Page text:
Hotspot countries now total 22, a rise from 18, according to the report, which is produced periodically by WFP and the Food and Agriculture Organization of the United Nations (FAO).
This very description can be applied to Burkina Faso, Haiti, Mali and Sudan – which have been elevated to the highest alert level in the latest UN Hunger Hotspots report, joining Afghanistan, Nigeria, South Sudan, Somalia and Yemen.
Both FAO and WFP called for immediate international action to save lives and livelihoods in places where acute hunger is expected to worsen from June to November this year.
FAO Director-General Qu Dongyu said the world cannot continue on the same path if it truly seeks food security for all, and no one is left behind, so immediate agricultural actions are urgently needed to aid those on the brink of hunger rebuild their lives.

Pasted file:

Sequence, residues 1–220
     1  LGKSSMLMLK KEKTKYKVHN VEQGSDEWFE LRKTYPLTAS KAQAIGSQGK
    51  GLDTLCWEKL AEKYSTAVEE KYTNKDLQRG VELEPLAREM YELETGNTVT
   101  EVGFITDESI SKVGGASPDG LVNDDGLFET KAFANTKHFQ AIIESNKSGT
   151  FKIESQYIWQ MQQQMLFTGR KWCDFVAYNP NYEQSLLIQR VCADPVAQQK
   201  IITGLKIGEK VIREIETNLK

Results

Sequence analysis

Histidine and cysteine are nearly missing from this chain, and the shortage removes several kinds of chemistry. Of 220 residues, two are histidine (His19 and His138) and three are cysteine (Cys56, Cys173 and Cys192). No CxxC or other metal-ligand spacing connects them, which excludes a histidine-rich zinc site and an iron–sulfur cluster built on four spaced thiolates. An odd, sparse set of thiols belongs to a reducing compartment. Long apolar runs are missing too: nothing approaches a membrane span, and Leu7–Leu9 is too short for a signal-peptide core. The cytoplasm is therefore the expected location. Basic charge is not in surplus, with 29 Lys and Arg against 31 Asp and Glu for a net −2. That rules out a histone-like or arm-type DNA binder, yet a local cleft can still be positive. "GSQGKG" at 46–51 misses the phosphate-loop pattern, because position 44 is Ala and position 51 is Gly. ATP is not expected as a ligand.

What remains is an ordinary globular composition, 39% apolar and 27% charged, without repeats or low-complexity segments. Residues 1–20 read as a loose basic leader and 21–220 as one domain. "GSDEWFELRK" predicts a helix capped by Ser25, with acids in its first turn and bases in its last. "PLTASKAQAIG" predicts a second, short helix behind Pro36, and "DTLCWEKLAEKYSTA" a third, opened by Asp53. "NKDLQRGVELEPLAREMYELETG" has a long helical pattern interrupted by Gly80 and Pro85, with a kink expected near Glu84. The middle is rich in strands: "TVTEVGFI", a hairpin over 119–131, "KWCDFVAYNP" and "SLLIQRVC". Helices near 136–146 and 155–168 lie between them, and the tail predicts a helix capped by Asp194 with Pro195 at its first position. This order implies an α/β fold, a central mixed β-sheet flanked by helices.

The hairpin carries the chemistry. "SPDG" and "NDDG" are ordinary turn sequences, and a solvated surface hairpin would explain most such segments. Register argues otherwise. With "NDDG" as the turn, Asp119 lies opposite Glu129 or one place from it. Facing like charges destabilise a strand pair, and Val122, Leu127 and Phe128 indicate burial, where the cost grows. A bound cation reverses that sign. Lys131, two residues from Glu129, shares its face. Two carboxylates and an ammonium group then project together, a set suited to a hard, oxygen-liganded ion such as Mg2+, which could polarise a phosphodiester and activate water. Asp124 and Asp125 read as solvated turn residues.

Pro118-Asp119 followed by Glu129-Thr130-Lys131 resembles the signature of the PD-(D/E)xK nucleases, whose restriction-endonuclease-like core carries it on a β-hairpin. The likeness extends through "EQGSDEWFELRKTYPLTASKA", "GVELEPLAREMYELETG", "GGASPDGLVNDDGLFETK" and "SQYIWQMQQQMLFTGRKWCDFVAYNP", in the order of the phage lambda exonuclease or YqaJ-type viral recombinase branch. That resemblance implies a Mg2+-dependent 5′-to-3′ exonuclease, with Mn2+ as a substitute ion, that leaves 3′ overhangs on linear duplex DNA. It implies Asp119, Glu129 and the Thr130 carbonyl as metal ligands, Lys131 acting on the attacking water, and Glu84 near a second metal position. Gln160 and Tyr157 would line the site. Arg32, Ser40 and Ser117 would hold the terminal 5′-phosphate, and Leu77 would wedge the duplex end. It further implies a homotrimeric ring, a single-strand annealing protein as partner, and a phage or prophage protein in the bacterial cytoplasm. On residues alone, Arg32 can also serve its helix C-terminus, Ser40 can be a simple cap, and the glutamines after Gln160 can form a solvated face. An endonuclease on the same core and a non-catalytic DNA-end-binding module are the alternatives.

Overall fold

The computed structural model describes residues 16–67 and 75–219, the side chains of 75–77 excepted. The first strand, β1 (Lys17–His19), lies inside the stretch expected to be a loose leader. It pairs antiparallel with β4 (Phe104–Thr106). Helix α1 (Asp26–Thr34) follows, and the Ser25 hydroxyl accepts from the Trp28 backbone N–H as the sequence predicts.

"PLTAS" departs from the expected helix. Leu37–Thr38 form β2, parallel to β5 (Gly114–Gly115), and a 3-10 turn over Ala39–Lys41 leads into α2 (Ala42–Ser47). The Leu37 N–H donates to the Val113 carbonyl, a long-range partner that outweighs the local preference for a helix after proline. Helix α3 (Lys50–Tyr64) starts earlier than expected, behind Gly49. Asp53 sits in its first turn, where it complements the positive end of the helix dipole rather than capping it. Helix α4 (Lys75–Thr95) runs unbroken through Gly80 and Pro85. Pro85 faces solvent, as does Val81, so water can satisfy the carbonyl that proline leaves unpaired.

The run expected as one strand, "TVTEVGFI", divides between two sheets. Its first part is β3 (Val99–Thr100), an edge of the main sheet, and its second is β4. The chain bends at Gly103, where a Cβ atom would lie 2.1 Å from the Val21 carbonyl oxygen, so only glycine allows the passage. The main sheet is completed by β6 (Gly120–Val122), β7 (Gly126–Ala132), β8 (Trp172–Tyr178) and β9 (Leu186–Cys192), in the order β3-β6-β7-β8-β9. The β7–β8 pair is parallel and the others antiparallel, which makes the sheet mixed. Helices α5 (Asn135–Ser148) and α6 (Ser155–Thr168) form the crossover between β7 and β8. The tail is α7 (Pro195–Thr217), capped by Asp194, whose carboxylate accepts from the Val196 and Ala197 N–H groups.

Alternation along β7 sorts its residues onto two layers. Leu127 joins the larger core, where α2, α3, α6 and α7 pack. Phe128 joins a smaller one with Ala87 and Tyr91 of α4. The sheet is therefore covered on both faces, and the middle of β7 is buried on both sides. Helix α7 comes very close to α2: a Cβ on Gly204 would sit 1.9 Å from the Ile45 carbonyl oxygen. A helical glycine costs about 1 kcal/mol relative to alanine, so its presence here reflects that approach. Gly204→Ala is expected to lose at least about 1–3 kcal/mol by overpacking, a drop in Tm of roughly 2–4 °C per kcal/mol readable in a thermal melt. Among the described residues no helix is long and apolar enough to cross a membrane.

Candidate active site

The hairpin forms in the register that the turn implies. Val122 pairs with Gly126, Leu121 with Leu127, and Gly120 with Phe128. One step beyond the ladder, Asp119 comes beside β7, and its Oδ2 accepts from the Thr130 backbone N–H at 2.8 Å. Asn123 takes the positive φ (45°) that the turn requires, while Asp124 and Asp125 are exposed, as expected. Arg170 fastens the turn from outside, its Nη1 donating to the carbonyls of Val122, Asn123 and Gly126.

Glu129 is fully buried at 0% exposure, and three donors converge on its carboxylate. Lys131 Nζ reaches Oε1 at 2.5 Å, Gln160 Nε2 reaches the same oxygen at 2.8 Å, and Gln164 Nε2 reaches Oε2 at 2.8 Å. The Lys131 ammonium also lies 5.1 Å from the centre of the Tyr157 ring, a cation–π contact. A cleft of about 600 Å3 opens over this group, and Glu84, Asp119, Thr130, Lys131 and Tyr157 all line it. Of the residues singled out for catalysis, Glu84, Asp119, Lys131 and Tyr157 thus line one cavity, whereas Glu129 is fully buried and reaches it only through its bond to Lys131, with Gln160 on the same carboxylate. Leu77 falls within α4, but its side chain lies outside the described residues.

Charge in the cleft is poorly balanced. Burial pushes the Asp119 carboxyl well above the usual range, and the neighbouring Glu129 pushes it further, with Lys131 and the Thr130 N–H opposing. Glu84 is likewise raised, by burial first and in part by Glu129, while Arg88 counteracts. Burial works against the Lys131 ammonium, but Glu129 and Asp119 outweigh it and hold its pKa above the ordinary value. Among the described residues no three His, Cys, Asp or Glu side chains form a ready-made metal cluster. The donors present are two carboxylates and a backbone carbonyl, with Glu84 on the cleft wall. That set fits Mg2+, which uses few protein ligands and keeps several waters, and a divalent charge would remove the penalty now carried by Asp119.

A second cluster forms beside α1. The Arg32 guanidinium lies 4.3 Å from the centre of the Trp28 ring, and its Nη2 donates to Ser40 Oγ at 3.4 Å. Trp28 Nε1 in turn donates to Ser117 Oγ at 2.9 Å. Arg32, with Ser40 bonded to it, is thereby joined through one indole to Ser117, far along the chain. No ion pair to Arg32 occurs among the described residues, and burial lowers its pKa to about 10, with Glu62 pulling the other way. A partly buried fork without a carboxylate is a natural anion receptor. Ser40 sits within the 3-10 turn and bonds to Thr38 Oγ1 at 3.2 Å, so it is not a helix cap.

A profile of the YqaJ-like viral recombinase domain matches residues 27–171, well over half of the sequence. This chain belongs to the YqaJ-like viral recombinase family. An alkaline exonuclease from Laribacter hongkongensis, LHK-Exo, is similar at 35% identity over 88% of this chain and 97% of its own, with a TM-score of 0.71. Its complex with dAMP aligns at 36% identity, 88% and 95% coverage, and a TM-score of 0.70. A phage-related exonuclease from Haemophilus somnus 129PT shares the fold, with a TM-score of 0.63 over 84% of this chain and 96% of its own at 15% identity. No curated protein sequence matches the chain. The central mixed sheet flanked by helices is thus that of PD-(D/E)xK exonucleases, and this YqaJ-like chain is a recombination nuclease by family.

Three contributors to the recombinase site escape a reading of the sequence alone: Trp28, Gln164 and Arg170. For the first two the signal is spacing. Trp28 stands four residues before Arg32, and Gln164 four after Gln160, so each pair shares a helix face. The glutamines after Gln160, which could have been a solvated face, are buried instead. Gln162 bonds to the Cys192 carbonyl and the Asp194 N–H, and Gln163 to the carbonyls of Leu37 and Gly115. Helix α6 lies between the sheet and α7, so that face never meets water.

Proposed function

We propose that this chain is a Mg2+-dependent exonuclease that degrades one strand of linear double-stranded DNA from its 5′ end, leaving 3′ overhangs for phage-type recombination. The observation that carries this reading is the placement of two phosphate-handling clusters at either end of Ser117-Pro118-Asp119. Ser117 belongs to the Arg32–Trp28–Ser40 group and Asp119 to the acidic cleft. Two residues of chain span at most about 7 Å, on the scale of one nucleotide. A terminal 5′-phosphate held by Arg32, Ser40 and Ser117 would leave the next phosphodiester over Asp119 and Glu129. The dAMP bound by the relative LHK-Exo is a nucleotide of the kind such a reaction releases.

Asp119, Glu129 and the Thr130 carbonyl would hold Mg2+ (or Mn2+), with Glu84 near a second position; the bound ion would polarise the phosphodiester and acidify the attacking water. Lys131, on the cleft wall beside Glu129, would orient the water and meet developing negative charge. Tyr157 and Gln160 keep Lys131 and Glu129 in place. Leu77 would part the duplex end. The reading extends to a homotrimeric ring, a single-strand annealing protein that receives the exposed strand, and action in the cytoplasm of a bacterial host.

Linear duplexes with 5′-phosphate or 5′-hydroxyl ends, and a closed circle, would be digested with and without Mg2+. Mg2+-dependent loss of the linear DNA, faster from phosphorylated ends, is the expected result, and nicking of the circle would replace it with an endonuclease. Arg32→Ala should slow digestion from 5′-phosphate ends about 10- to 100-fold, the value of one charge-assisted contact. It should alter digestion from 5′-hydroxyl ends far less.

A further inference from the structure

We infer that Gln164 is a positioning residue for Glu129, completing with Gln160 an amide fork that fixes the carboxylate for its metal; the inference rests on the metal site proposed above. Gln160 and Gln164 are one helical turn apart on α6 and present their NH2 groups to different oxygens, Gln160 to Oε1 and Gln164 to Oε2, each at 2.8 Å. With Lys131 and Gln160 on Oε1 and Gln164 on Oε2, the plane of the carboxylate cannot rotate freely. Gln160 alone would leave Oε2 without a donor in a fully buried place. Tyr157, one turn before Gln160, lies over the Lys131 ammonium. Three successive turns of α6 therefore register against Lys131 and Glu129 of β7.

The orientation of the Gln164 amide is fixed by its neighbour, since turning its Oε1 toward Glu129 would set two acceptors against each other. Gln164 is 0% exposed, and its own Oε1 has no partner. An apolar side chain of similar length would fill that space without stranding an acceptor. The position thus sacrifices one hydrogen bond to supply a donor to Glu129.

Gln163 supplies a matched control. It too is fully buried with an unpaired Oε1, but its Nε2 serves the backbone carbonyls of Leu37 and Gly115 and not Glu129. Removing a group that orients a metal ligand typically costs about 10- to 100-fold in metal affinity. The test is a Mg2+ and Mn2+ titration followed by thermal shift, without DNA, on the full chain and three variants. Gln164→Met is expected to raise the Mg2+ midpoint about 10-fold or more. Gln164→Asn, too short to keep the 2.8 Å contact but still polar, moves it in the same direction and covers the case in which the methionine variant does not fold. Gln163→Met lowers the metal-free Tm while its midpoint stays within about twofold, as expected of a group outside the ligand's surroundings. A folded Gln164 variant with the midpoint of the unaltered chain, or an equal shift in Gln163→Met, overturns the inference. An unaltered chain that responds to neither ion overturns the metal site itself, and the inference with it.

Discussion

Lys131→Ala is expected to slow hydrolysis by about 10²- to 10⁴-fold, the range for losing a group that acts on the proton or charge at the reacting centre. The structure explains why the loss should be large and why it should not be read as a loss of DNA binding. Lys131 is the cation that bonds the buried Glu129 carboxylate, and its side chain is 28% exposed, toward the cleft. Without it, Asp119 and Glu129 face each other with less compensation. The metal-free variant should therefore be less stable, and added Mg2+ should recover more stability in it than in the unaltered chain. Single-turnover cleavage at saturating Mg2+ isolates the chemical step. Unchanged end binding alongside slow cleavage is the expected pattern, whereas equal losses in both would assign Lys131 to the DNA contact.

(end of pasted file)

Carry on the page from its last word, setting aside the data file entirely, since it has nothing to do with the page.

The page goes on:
Dongyu added that investments must also be made in disaster risk reduction in the agricultural sector to increase the resilience of communities.
WFP Executive Director Cindy McCain also noted that not only are more people going hungry, but the severity of hunger is worse than ever, hence her call to act now to save lives, help people adapt to climate change and prevent famine.
The report meant that according to meteorologists, there is an 82% chance that El Niño will occur in mid-2023, which would have worrisome implications in several hotspots.